D. WESTERLUND and E. ROSANDER (eds), African Islam and Islam in Africa: encounters between Sufis and Islamists. London: Hurst, 1997, 357 pp., 40.00 [pounds sterling], ISBN 1 85065 282 1, hard covers, 15.95 [pounds sterling], ISBN 1 85065 281, paperback.
This important volume comprises twelve essays whose primary focus is Sufism in Africa and what is termed Islamism'. The latter is characterised as having a `focus on the Islamic law, sharia', and we are told that Islamists conceive of Islam as an ideology, a total mode of life' and that they work for the establishment of Islamic societies and, eventually, states based on Islamic law'. In a very real sense, then, Islamism is a reformist and puritanical movement similar to previous ones which have appeared at intervals during earlier centuries, emerging as a reaction against the process of withdrawal from the Quran and the Sunna, which form the main basis of the sharia' (pp. 4-5). The volume ranges widely, from an introduction which surveys The Islamisation of "tradition" and "modernity"' (Eva Evers Rosander) to others which deal with Islam in the Maghrib (George Joffe), Islam and human rights in Sahelian Africa' (Abdullahi Ahmed An-Na'im) and Sufism and Islamism in the Sudan' (Muhammad Mahmoud); it concludes with three highly specialised case studies which survey a Mouride Mahdi, a north Cameroonian Islamic judge and a northern Nigerian Islamic reformer. The whole volume concludes with an essay by one of the editors, David Westerlund, entitled Reaction and action: accounting for the rise of Islamism'. In their preface the editors rightly draw attention to the fact that so much past scholarship has focused on the criticism by Islamists of Western thought and culture; there has been less concern with what is termed the intra-Muslim relationship between Sufis and Islamists'. This volume is designed to fill the lacuna. Its wide-ranging and often highly specialised essays mean, however, that it is impossible to evaluate each essay in the space of a review. Attention will therefore be focused on a few important comments which arise throughout the book.
Rosander makes the important point that Islamisation may be characterised as a kind of mediator between "tradition" and "modernity" in Africa' (p. 2) and adds that a salient point that emerges from the chapters of this book is that what is legitimate African Islam and Islamism depends fully on who has the authority to decide on a definition and to get acceptance for it' (p. 3). In African Islam, then, as in other forms of Islam, the old problems of legitimacy and authority never go away! Paradox, too, is never far from the surface, as in the differing Western and Islamist perceptions of the practice of veiling (p. 11). John Hunwick believes that aspects of Euro-American culture' must inevitably play a role in forging new African Muslim cultures' (p. 52) but in Maghribi Islam Joffe finds little readiness to abandon the basic fabric of popular belief' (p. 77). For An-Na'im the more Islam is identified with sharia in popular belief and practice, under an "Islam in Africa" model, the less likely will human rights norms be accepted and implemented by the Muslim population at large' (p. 90). Tomas Gerholm concludes that the character of Islam in Egypt is continuously under negotiation' (p. 129). What may one conclude from such a range of remarks? An obvious answer would be to draw attention to the dangers of generalisation about any religion in what is a huge and diverse continent. David Westerlund, one of the editors, provides us with his own conclusions on the basic debate which infuses the essays in this volume: By modernising their own activities and by expanding their presence in urban centres, where the Islamists have their strongholds, Sufi Muslims have in many cases responded effectively to the challenge of Islamism. Despite the continued growth of Islamist groups, Sufism is still the strongest force of Islam in most parts of sub-Saharan Africa' (p. 330).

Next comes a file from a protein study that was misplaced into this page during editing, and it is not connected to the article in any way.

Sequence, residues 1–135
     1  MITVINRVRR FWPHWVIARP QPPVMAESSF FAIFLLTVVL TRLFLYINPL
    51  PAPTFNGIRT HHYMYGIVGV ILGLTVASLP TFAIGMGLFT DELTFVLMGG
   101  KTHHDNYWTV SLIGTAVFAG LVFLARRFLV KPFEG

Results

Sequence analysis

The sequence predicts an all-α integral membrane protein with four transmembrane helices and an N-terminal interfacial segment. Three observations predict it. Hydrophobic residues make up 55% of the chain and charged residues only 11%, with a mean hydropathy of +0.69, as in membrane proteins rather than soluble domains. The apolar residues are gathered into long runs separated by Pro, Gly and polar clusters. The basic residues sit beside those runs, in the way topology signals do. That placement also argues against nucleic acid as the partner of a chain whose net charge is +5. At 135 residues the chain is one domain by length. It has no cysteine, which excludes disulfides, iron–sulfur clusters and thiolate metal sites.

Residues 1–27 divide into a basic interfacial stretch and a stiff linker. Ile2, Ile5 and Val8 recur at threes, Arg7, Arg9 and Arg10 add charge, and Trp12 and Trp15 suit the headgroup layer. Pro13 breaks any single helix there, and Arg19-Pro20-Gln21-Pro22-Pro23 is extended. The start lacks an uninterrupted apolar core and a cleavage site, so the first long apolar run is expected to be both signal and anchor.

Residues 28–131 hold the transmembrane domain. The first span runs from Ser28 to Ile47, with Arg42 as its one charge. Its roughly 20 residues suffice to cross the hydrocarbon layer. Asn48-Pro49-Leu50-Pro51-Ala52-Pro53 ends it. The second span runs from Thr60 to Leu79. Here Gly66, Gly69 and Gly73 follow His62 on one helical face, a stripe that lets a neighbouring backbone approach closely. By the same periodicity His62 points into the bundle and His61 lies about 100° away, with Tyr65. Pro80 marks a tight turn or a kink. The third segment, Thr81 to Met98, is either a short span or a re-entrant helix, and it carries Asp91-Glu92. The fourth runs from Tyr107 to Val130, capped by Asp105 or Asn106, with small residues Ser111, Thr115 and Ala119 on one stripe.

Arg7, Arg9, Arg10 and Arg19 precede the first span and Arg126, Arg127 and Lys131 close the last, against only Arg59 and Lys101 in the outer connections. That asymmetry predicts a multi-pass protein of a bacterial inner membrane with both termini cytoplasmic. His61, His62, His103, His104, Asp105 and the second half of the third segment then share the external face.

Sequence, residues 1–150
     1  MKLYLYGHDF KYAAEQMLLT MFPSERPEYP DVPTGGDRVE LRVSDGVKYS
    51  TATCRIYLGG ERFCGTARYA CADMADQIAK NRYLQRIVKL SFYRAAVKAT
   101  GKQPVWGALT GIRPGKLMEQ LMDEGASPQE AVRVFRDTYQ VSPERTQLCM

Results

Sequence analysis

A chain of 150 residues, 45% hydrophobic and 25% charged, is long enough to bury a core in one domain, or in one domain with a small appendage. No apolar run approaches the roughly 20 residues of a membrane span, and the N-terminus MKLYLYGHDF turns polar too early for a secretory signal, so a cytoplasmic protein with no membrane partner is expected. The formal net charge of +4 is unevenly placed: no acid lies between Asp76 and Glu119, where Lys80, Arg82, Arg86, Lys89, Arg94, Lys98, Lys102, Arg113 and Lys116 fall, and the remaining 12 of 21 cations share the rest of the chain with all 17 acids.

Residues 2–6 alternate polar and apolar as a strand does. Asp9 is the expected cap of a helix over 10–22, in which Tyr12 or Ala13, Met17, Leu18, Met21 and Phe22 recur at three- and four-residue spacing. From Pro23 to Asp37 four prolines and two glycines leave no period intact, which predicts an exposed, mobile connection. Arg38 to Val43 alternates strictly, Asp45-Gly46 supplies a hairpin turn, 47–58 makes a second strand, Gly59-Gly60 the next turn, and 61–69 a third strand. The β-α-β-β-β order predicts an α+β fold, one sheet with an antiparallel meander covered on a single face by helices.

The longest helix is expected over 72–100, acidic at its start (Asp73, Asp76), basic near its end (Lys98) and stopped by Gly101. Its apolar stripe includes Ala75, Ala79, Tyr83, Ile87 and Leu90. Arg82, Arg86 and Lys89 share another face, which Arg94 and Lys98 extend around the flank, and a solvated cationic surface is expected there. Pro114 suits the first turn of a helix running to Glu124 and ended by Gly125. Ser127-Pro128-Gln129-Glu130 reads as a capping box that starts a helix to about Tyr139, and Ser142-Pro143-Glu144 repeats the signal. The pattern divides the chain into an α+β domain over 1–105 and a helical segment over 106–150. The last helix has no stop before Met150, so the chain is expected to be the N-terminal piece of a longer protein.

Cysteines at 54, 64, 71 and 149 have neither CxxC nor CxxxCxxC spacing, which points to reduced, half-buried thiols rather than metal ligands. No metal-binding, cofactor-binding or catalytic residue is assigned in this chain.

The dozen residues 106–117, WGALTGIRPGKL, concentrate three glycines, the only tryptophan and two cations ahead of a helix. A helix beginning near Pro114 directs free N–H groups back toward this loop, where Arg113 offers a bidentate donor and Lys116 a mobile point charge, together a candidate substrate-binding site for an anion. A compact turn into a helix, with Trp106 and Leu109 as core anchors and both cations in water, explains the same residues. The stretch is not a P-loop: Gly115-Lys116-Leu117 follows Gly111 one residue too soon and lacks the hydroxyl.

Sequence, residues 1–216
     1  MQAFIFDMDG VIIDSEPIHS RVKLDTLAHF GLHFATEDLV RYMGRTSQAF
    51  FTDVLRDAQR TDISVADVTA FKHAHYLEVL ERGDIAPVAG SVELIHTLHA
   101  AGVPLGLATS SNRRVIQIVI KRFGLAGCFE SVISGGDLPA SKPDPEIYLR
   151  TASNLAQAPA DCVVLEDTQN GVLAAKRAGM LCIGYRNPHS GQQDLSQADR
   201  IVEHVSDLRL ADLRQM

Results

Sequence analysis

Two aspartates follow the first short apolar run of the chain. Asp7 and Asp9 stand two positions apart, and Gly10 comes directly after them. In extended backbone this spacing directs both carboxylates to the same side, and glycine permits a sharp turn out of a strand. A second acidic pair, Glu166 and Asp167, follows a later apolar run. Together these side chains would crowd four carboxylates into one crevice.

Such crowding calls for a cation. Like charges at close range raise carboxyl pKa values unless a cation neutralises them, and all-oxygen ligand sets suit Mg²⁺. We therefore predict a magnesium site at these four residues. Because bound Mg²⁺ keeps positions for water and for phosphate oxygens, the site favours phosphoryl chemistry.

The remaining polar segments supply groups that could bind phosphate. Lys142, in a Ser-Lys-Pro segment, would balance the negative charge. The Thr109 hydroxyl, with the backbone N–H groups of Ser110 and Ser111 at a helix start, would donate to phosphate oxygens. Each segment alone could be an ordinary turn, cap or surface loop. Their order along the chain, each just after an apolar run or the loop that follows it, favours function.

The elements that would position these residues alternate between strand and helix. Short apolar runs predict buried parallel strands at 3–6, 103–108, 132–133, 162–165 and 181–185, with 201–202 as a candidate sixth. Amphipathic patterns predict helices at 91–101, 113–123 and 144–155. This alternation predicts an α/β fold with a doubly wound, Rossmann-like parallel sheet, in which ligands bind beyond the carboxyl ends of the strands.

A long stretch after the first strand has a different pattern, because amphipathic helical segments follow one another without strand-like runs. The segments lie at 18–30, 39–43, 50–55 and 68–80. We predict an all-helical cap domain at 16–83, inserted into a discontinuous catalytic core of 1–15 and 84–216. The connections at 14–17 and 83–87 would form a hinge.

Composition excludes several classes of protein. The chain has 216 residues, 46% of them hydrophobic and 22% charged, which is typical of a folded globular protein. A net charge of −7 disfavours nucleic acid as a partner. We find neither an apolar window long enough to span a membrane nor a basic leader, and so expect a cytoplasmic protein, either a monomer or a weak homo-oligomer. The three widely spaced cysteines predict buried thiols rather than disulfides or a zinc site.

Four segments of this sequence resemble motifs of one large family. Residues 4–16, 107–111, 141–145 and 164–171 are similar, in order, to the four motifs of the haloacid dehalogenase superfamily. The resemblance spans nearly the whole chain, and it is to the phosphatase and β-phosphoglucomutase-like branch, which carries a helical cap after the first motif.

This is an important and valuable volume which makes a notable addition to the scholarly study of Islam in Africa. I hope the editors will consider producing a second collection of essays along the same lines. My only small caveat concerns the use of the ugly neologism Islamist', if only because many, including scholars of Islam, will not know exactly what is meant without full explanation and definition.
IAN RICHARD NETTON University of Leeds